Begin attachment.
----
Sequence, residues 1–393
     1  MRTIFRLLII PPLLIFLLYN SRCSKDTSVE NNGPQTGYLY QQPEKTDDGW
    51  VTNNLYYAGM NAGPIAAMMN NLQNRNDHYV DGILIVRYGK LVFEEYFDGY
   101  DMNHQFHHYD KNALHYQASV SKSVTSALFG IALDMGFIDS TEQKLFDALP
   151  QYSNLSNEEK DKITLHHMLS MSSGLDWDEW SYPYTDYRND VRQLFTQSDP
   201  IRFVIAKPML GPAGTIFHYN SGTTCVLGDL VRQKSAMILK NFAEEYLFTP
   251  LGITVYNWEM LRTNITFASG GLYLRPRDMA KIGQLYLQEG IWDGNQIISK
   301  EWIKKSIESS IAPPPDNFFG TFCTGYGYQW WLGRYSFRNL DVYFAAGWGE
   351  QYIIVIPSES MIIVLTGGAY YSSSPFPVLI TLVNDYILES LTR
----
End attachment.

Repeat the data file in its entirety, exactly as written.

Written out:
Sequence, residues 1–393
     1  MRTIFRLLII PPLLIFLLYN SRCSKDTSVE NNGPQTGYLY QQPEKTDDGW
    51  VTNNLYYAGM NAGPIAAMMN NLQNRNDHYV DGILIVRYGK LVFEEYFDGY
   101  DMNHQFHHYD KNALHYQASV SKSVTSALFG IALDMGFIDS TEQKLFDALP
   151  QYSNLSNEEK DKITLHHMLS MSSGLDWDEW SYPYTDYRND VRQLFTQSDP
   201  IRFVIAKPML GPAGTIFHYN SGTTCVLGDL VRQKSAMILK NFAEEYLFTP
   251  LGITVYNWEM LRTNITFASG GLYLRPRDMA KIGQLYLQEG IWDGNQIISK
   301  EWIKKSIESS IAPPPDNFFG TFCTGYGYQW WLGRYSFRNL DVYFAAGWGE
   351  QYIIVIPSES MIIVLTGGAY YSSSPFPVLI TLVNDYILES LTR